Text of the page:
"The bargain's concluded," said Ginger, delivering the dog to Ebba, and taking the money from Auriol, which, having counted, he thrust into his capacious breeches-pocket.
"How shall I thank you for this treasure, Auriol?" exclaimed Ebba, in an ecstasy of delight.
"By transferring to it all regard you may entertain for me," he replied, in a low tone.
"That is impossible," she answered.
"Well, I vote we drive away at once," said Mr. Thorneycroft. "Halloa! jarvey!" he cried, hailing a coach that was passing; adding, as the vehicle stopped, "Now get in, Ebba. By this means we shall avoid being followed by the rascal." So saying, he got into the coach. As Auriol was about to follow him, he felt a slight touch on his arm, and, turning, beheld a tall and very forbidding man by his side.
"Beg pardin, sir," said the fellow, touching his hat, "but ain't your name Mr. Auriol Darcy?"
"It is," replied Auriol, regarding him fixedly. "Why do you ask?"
"I vants a vord or two vith you in private -- that's all, sir," replied the Tinker.
"Say what you have to say at once," rejoined Auriol. "I know nothing of you."
"You'll know me better by-and-by sir," said the Tinker, in a significant tone. "I must speak to you, and alone."
"If you don't go about your business, fellow, instantly, I'll give you in charge of the police," cried Auriol.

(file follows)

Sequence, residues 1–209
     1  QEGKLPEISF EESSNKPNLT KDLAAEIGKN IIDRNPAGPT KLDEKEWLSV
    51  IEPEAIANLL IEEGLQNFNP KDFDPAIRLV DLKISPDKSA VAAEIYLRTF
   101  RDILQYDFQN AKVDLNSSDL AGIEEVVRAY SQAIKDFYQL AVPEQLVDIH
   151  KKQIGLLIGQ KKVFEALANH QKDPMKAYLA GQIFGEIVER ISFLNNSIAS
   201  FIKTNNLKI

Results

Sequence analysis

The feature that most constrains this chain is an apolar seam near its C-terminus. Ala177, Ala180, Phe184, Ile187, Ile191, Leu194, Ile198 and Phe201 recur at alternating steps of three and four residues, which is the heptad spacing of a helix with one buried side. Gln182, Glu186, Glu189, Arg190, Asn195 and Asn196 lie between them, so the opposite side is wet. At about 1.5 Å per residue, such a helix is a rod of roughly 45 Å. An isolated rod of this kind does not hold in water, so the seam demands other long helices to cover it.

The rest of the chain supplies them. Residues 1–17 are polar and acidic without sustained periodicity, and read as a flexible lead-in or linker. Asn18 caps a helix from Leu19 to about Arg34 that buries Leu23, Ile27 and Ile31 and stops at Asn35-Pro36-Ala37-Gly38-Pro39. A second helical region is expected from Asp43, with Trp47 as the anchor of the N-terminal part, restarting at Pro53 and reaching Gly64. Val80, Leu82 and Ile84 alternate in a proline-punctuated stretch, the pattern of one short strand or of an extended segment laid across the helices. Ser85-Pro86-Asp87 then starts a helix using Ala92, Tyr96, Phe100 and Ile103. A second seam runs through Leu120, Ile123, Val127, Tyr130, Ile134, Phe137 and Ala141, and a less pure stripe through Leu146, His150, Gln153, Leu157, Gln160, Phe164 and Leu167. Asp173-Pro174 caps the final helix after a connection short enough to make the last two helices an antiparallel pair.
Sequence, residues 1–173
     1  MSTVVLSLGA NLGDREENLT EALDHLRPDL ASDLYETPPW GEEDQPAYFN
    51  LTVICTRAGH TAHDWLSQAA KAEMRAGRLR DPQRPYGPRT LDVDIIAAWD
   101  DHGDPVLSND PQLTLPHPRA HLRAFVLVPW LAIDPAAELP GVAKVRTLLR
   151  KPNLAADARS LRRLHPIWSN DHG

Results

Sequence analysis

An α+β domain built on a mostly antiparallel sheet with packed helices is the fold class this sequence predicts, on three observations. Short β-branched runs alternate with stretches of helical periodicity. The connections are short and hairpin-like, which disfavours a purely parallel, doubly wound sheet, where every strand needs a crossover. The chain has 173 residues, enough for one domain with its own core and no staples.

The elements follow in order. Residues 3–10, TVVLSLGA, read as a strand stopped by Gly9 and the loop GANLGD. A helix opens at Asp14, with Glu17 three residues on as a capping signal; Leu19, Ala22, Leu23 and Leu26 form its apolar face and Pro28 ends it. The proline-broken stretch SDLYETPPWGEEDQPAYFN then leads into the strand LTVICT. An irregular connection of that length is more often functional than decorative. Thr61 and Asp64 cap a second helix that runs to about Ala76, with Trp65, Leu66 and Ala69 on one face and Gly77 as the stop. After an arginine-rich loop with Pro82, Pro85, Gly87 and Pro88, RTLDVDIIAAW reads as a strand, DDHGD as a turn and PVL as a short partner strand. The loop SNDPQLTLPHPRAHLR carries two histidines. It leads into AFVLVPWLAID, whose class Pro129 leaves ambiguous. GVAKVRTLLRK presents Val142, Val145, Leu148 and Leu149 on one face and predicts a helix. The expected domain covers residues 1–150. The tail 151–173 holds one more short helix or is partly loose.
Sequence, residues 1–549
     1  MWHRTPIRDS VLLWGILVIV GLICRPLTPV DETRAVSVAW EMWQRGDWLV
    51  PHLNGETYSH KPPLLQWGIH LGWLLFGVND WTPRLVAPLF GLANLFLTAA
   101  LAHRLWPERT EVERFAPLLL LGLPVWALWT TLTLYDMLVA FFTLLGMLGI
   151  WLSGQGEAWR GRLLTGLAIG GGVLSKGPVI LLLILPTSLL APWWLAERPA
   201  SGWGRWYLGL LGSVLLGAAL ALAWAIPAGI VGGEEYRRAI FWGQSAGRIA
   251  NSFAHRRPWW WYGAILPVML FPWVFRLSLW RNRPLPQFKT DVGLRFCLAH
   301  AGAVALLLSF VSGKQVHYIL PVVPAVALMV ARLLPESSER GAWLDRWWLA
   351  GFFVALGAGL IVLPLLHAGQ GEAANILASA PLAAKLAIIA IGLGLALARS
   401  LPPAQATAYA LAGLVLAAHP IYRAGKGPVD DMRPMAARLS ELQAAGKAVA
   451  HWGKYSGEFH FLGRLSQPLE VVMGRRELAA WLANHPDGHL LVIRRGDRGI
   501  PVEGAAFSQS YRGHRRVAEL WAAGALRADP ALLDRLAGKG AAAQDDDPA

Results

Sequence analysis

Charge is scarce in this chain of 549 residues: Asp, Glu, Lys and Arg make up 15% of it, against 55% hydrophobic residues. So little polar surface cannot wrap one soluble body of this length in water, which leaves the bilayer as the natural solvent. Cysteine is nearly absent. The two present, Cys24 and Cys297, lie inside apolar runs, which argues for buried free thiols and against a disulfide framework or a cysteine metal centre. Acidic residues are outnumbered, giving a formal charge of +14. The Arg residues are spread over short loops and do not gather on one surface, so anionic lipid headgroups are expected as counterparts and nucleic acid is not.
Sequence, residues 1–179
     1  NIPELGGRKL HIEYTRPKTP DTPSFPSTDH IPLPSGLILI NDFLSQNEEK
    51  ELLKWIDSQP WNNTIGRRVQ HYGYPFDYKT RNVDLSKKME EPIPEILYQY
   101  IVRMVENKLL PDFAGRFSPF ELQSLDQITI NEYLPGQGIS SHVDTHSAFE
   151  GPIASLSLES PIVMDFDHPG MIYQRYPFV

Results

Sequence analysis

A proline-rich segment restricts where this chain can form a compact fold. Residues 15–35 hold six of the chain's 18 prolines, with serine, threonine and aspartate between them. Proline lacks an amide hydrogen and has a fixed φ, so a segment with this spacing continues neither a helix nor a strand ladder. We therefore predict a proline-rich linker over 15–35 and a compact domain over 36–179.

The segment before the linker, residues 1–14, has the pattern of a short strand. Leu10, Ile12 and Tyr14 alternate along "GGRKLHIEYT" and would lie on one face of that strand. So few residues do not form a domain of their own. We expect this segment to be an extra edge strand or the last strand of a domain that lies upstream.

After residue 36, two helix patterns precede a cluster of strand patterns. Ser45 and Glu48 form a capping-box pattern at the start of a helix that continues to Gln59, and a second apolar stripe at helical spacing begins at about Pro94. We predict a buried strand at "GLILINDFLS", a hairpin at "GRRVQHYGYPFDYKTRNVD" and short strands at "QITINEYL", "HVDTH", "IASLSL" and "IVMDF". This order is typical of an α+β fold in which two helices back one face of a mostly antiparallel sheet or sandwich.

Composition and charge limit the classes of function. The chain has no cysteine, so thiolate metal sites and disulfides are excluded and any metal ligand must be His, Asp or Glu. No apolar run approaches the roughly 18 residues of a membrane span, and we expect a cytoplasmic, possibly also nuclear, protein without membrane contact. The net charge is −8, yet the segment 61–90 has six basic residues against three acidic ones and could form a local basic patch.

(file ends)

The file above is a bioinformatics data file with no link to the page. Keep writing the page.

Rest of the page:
"No you von't sir -- no you von't," replied the Tinker, shaking his head. And then, lowering his voice, he added, "You'll be glad to purchase my silence ven you larns wot secrets o' yourn has come to my knowledge."
"Won't you get in, Mr. Darcy?" cried Thorneycroft, whose back was towards the Tinker. "I must speak to this man," replied Auriol, "I'll come to you in the evening. Till then, farewell, Ebba." And, as the coach drove away, he added to the Tinker, "Now, rascal, what have you to say?"
"Step this vay, sir," replied the Tinker. "There's two friends o' mine as vishes to be present at our conference. Ve'd better valk into a back street.
THE HAND, AGAIN!
Followed by Auriol, who, in his turn, was followed by Ginger and the Sandman, the Tinker directed his steps to Great Windmill-street; where he entered a public-house, called the Black Lion. Leaving his four-footed attendants with the landlord, with whom he was acquainted, Ginger caused the party to be shown into a private room, and, on entering it, Auriol flung himself into a chair, while the dog- fancier stationed himself near the door.
"Now what do you want with me?" demanded Auriol.